Friday, March 6, 2020

The Secret to Successful Birding

A rainy afternoon has given me the leisure to sit at my desk in the den and contemplate this past week of birding, which finished off our second month here at Dallas Retirement Village.  It has been a successful week, and for that matter two months.  Almost daily in talking with other residents, they tell me there aren't very many birds here.  At first I refused to be discouraged, and now I am continually puzzled.  I don't claim to have extraordany bird finding skills,  certainly don't have the best eyesight, and a good memory is a thing of the past. But I do get out everyday and look for birds, and that consitent effort, my friends, is what I believe breeds success. The following are high-lights from this past week.

 Monday's suprise was this strutting Wild Turkey tom, doing his best to follow along and impress a dozen or so Wild Turkey hens. As it turns out these Turkeys roam freely through the Dallas Retirement Village yards and streets at their own discretion.

 Tuesday's treasure was an Acorn Woodpecker male checking out a potential nesting cavity. Unfortunately when I checked the location this morning it looked like a pair of European Starlings has layed claim to this nesting site, as well as other Starlings are taking over a close-by site in a cottonwood tree which has housed an Acorn Woodpecker granary.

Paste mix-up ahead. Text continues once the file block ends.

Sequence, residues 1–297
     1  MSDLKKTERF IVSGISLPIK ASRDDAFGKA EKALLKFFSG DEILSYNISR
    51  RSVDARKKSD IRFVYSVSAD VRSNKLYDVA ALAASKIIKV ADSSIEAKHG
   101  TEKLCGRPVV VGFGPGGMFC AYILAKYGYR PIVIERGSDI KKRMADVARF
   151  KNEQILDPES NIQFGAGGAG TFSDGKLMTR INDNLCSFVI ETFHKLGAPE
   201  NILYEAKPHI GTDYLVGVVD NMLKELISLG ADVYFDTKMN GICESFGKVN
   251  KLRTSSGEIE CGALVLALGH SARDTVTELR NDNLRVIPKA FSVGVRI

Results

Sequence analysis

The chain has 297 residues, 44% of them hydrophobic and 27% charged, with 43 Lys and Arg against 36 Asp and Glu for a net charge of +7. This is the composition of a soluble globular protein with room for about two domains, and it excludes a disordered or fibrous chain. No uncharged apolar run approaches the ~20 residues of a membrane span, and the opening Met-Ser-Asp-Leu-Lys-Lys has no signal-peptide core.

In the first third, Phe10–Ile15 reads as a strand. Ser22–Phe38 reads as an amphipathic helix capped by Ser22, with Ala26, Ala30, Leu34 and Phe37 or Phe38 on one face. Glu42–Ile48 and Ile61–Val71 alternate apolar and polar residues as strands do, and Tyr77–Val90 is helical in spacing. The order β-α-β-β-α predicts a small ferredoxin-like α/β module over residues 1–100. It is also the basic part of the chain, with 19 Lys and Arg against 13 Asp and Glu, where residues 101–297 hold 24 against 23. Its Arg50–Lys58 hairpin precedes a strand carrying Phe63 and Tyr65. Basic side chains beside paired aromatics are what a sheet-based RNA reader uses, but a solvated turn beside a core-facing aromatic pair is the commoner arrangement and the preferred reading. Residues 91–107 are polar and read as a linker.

Wendsday's find was this Red-breasted Sapsucker.  Usually known for their nice neat line-up of holes that serve as reservoirs for sap and traps for insects, this bird seems to be removing a large section of bark.

 Thursday's bright spot was a pair of Western Bluebirds checking out a nesting box I have put up in the Dallas Retirement Village community garden area.  Males, as shown here, always seem to like to check out the nesting box for several days before they allow the female to set up house.

Friday's sweet song came from a singing Spotted Towhee male.  You can probably understand why this Towhee was formerly called a Rufus-sided Towhee.

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